This is part of an ongoing series about how to trim the budget of the average American. As this series focuses on such broad-based tips, some will work for you and some will not. You’re invited to mention in the comments the tips that you found to be the most useful for inclusion in a comprehensive budget trimming guide at the conclusion of this series.
Pensions, Social Security – $5,027
For the most part, there’s not much the average American can do to alter the amount of money they pay for Social Security and for pensions. For most of us, this is merely a paycheck deduction, something we never see in our take-home pay.
Yet there are several things we can do to increase the value of that money or to secure it. Here are some options that you might want to consider.
Insure your pension. Many corporations have played games with the pensions long-promised to their employees. If this is a concern to you, you can insure your pension so that you’re not at risk of losing it. The Pension Benefit Guaranty Corporation (http://www.pbgc.gov/) can help you get started in this regard.
Know what Social Security benefits you’re entitled to. The Social Security Administration mails this information to most citizens annually. Study this information and know what you’re due to receive so you can plan accordingly. If you don’t have access to this information, check www.socialsecurity.gov.
Know how much money you’ll actually need in retirement. Spend some time utilizing retirement planning tools (I like this tool at MSN Money) so that you know exactly how much money you’ll need in retirement. Use this number to see if you’ll be meeting your needs or not. If not, now’s the time to start socking away more (which we’ll address in another section of this series).
Minimize your requirements. If you’re finding that you’re far short of what you need, you may want to consider minimizing your financial requirements for the future. A big move in another area – like downsizing your home, particularly if it’s overly big now that the kids have moved out – can often create the breathing space you need.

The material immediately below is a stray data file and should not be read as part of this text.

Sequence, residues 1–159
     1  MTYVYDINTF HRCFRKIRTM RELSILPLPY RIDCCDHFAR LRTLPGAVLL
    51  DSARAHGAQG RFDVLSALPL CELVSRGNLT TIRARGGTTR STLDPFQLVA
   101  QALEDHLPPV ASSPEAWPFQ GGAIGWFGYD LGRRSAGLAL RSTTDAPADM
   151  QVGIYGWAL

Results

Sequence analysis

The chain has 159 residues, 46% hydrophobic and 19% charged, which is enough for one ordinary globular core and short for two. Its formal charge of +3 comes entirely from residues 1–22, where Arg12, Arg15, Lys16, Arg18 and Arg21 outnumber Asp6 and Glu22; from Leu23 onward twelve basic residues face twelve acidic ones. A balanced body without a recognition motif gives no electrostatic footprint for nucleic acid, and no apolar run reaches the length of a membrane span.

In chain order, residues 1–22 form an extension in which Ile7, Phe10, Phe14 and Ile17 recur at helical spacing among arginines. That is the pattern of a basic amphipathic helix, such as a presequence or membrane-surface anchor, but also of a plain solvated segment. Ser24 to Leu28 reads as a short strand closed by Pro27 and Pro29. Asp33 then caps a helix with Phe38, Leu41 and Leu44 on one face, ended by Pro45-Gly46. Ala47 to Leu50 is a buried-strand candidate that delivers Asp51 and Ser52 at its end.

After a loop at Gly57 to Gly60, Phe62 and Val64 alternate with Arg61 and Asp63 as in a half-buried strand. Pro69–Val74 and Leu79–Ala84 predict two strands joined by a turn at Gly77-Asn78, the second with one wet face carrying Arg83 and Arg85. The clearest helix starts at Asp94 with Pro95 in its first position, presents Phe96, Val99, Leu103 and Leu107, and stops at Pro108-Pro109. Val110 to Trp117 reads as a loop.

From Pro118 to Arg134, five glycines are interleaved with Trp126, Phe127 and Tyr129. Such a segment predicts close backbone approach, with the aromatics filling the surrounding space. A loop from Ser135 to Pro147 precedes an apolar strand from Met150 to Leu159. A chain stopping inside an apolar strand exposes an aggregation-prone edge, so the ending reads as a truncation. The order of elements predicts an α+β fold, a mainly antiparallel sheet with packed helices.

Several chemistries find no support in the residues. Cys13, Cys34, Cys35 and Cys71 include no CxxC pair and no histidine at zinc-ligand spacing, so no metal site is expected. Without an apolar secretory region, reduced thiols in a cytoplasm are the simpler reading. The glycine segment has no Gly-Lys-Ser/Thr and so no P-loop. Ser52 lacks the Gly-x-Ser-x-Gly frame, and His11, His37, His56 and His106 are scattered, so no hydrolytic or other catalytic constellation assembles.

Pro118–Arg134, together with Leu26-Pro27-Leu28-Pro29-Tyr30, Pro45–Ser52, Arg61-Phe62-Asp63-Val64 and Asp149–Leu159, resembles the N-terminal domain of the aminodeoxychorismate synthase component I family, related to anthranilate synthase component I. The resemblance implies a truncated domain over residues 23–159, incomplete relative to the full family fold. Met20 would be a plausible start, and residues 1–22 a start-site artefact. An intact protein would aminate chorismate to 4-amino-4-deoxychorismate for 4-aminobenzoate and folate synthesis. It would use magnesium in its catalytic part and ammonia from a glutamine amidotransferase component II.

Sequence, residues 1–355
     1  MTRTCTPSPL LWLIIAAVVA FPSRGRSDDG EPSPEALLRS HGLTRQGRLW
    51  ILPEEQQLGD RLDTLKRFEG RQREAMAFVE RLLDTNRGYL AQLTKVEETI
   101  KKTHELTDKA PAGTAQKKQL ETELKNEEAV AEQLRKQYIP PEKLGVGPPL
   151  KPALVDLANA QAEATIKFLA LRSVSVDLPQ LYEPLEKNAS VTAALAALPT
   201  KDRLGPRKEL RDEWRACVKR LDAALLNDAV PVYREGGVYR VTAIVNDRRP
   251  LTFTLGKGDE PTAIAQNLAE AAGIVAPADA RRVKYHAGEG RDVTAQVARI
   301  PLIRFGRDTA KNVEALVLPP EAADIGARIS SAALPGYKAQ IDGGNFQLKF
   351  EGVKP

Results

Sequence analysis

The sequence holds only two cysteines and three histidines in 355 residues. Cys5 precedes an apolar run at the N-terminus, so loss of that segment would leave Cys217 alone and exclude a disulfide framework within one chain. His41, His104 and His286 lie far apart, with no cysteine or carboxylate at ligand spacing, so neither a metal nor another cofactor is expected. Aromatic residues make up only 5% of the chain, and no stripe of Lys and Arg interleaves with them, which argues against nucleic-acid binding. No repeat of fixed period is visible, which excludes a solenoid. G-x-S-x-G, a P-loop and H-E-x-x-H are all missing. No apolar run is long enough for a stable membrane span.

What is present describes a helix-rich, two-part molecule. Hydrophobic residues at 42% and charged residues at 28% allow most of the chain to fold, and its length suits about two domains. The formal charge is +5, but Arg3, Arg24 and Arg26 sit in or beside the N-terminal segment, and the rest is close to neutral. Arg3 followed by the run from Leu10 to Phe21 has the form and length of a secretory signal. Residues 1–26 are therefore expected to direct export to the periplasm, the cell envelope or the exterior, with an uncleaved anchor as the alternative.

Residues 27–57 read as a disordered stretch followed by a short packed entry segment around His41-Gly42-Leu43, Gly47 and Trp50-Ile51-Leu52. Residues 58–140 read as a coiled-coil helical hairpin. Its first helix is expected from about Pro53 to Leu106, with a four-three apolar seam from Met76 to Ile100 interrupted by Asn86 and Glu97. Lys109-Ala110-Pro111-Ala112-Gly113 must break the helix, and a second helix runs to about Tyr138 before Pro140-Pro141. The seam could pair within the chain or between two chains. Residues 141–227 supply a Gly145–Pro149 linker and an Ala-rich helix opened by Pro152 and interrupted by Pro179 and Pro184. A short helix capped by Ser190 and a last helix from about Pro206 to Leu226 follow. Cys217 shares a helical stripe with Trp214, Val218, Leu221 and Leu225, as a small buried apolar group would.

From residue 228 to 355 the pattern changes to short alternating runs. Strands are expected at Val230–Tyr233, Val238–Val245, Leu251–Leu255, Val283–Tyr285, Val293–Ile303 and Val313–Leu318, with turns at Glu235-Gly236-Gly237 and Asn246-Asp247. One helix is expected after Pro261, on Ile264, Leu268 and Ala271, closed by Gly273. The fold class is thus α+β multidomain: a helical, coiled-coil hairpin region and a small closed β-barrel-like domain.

At the same time, improve your self-sustainability. If you have money for it now, invest in things that will make your retirement years much more self-sustaining. Instead of buying a new car, invest in geothermal heating. Instead of redoing the kitchen, look into a small wind turbine. Learn how to garden and to cook. Such assets and skills can drastically reduce your spending.
Develop a “second career.” If you’re still intending to take advantage of your pension as early as you can, consider developing a “second career” that will provide some income while allowing you to engage in something you’re passionate about. There are many jobs and entrepreneurial activities – from tour guide to caterer – that can match exactly what you enjoy while still bringing in some extra income.
Share resources and ideas. Don’t be afraid to talk about your money with people in the same boat as you are. Share ideas with your friends and other people nearing retirement age. Don’t take on your concerns and worries about retirement in isolation – quite often, the people you care about most are facing similar concerns of their own, even if you don’t see it from the outside.
I want your help! In the comments, please let me know which of the tips you find most useful for trimming these costs. I’ll include the top choices in a comprehensive budget trimming guide at the conclusion of the series.